Clean Syringe Exchange Tries to Reduce Risky Behavior
Tuesday, July 7, 2009
IV drug users are at high risk of spreading blood-borne diseases like hepatitis C and HIV. To combat this threat, the City of San Diego has a mobile clean syringe exchange program that operates twice a week. In the second part of a four-part series, KPBS Health Reporter Kenny Goldberg takes a look at this public health intervention.
SAN DIEGO IV drug users are at high risk of spreading blood-borne diseases like hepatitis C and HIV. To combat this threat, the city of San Diego has a mobile clean syringe exchange program that operates twice a week. In the second part of a four-part series, KPBS Health Reporter Kenny Goldberg takes a look at this public health intervention.
On a Thursday night in downtown San Diego, a white camper van is parked across the street from a discount store. A man walks into the van carrying a plastic shopping bag. He dumps the bag out, and starts counting out its contents.
"Eleven, twelve, thirteen, fourteen….."
He's counting used syringes. The man is a heroin user. And the van is San Diego's only clean syringe exchange program.
Katrina Flores is the program coordinator.
She watches as the man counts out his used needles. When he's done, they're tossed in a red biohazard container.
"And then as they count them out, whatever they brought in, if they brought in ten, we give them ten," says Flores.
Flores says she hands out some other items, too. She puts together a bag called a bleach kit.
"Which contains everything that a person needs in order to clean out their needles if they don't have a new one right at hand," Flores says. "There's some bleach in there, a tourniquet, a cooker and some water. There's also an alcohol wipe in there."
There's a steady stream of people coming into the van. Flores says the exchange doesn't make clients go through red tape to get what they need.
"They don't show any ID, they don't give their real name," Flores points out. "Sometimes they give us random, Mickey Mouse names. It's whatever they're comfortable with. We want to make sure that when they come here, that it's a safe, comfortable place for them to visit, because we want to continue to see them, so we can help them get access to services."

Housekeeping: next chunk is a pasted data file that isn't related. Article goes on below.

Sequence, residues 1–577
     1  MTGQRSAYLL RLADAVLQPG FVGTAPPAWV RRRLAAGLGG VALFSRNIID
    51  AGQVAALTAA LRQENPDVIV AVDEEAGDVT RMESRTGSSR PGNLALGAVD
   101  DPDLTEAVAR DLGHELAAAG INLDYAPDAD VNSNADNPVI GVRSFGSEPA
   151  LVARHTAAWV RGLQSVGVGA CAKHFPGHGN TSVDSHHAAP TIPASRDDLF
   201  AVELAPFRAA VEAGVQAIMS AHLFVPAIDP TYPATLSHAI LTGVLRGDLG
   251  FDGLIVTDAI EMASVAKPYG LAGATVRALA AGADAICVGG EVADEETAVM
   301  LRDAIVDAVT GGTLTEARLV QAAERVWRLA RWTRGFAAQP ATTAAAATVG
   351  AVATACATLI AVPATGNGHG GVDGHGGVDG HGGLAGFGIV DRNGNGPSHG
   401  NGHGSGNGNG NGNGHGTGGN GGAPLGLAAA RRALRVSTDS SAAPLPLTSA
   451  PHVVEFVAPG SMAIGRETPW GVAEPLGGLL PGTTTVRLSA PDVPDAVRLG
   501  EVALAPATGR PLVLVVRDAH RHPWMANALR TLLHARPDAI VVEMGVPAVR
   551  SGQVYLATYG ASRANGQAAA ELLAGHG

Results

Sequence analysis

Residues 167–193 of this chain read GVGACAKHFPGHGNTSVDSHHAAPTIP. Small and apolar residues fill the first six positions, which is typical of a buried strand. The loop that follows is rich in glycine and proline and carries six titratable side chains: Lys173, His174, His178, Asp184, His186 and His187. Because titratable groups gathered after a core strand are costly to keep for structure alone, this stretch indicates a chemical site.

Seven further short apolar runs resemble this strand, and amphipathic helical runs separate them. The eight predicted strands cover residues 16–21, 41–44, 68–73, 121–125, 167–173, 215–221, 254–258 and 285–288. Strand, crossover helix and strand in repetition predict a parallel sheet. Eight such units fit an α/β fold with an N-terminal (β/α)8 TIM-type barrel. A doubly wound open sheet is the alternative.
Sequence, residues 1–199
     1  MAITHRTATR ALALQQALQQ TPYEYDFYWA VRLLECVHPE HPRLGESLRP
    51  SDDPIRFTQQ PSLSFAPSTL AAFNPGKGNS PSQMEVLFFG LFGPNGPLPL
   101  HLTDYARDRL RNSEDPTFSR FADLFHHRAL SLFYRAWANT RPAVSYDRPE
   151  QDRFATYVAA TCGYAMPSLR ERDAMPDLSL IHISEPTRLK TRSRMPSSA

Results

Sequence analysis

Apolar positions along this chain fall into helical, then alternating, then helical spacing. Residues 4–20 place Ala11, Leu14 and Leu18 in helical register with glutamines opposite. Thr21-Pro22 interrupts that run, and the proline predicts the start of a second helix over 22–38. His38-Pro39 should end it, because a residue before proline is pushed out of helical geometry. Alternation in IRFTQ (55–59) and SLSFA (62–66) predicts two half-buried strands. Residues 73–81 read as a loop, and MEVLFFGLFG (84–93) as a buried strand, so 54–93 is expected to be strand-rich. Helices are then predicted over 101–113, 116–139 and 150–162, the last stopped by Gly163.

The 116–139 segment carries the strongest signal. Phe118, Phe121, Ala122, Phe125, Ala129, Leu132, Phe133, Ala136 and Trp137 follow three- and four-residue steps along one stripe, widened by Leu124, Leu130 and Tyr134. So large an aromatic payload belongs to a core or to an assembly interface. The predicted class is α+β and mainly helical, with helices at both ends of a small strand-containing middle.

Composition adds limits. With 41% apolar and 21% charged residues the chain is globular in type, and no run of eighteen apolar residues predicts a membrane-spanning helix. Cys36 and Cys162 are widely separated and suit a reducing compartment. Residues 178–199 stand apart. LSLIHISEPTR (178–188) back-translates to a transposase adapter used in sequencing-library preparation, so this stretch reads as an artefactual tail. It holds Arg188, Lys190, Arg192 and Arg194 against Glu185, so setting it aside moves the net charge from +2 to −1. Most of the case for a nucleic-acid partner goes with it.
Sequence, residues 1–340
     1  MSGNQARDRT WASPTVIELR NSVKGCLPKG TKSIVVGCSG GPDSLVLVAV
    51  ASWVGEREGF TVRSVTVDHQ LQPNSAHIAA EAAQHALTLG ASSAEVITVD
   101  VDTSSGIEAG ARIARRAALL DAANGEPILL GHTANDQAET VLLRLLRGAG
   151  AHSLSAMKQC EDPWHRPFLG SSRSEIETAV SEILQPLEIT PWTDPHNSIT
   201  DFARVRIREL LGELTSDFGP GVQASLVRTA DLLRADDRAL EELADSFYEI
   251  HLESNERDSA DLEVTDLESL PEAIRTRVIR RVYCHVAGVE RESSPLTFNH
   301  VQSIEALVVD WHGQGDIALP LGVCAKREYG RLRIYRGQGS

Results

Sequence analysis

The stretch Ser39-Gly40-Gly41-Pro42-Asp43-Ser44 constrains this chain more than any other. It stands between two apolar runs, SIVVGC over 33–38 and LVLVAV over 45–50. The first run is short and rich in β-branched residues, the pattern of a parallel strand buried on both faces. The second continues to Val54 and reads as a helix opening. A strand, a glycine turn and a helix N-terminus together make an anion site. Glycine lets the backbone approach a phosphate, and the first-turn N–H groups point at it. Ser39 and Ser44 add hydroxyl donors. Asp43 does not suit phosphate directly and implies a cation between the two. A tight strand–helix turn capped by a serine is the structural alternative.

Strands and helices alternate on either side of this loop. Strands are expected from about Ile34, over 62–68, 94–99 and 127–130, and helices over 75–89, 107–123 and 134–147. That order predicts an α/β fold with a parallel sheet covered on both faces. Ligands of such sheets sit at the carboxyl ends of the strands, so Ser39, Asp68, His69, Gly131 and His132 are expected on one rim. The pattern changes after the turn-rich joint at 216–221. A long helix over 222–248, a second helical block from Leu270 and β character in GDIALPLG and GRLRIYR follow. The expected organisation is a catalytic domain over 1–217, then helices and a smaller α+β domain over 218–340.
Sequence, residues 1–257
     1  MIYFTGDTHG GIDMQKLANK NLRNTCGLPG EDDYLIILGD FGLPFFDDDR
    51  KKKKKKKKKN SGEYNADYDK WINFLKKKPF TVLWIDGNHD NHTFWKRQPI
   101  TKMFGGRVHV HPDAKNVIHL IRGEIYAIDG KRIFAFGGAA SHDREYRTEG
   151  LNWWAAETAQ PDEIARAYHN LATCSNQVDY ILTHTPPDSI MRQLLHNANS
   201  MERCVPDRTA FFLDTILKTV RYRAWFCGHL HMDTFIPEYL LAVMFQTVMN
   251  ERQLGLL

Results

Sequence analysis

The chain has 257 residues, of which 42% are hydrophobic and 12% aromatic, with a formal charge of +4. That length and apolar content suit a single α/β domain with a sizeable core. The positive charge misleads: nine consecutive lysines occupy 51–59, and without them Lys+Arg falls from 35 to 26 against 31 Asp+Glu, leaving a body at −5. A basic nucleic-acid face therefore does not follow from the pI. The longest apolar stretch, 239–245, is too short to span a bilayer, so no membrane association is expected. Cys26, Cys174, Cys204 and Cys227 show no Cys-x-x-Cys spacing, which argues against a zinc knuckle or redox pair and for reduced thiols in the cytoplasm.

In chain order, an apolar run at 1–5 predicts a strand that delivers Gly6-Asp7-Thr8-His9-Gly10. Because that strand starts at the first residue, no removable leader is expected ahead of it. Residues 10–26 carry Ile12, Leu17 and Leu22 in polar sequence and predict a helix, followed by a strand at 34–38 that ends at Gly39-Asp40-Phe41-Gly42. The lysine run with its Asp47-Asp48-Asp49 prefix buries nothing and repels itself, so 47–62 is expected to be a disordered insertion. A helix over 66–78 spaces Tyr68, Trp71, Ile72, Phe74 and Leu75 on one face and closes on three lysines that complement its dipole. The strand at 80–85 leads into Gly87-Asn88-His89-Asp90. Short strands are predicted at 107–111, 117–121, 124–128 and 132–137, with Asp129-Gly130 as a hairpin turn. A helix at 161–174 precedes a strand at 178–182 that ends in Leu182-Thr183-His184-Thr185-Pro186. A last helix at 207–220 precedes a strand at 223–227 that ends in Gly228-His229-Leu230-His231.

The concept behind syringe exchange is simple: people are going to shoot drugs. It's crucial to make sure they have access to clean equipment, so they don't spread blood-borne infections.
San Diego's syringe exchange operates downtown on Thursday nights and in North Park on Friday mornings.
Last year, this privately-funded exchange collected more than 183,000 used syringes. It handed out about 172,000 new ones.
But the program does much more than swap syringes. Staff offer screenings for HIV and Hepatitis C. And they give referrals to drug treatment.
Rick is 51-years-old.
He was hooked on heroin for years. Thanks to one of the counselors at the syringe exchange, he kicked his habit last year.
"I thought I was gonna die, and I came here one night, a regular night, a whole group of us, drug house, prostitutes the whole bit," recalls Ricky. "He just looked at me and said if you ever need help, let me know. And then the next time I came, I said I'm ready. He said, okay, be ready at eight in the morning. I'm like, oh-oh, am I ready? I was higher than a kite when he came at eight in the morning. But I went."
Rick has been clean ever since.
Jennette Lawrence is with Family Health Centers, a group of community clinics in San Diego. Her organization operates the syringe exchange.
Lawrence says last year alone, the program referred nearly 400 people to drug treatment.
"You never know what it's gonna take in a person's life, to make them decide that the time is now to try and get sober," Lawrence says. "So our goal is to be there for them, to be caring, and accepting, and respecting of them, so when they get to that point, we're ready to help them every step of the way."
The syringe exchange saw about 859 clients last year.
One study estimates San Diego County has nearly 26,000 injection drug users.
Jennette Lawrence worries that a lot of people don't have access to this service.
"I think there is greater need in San Diego for more clean syringe exchange," Lawrence says. "Each decision, though, to add a site or add hours, will only occur when there is political support from the leaders of that community to support the project."
San Diego's mayor and city council support the syringe exchange. In fact, the program wouldn't exist without their endorsement.
But the San Diego County Board of Supervisors is adamantly opposed to the concept.
And it's illegal in San Diego for people to buy clean needles without a prescription.
So, for the thousands of drug users who can't access the mobile syringe exchange, there is no legal access to clean needles. And who knows where they throw away their dirty ones.
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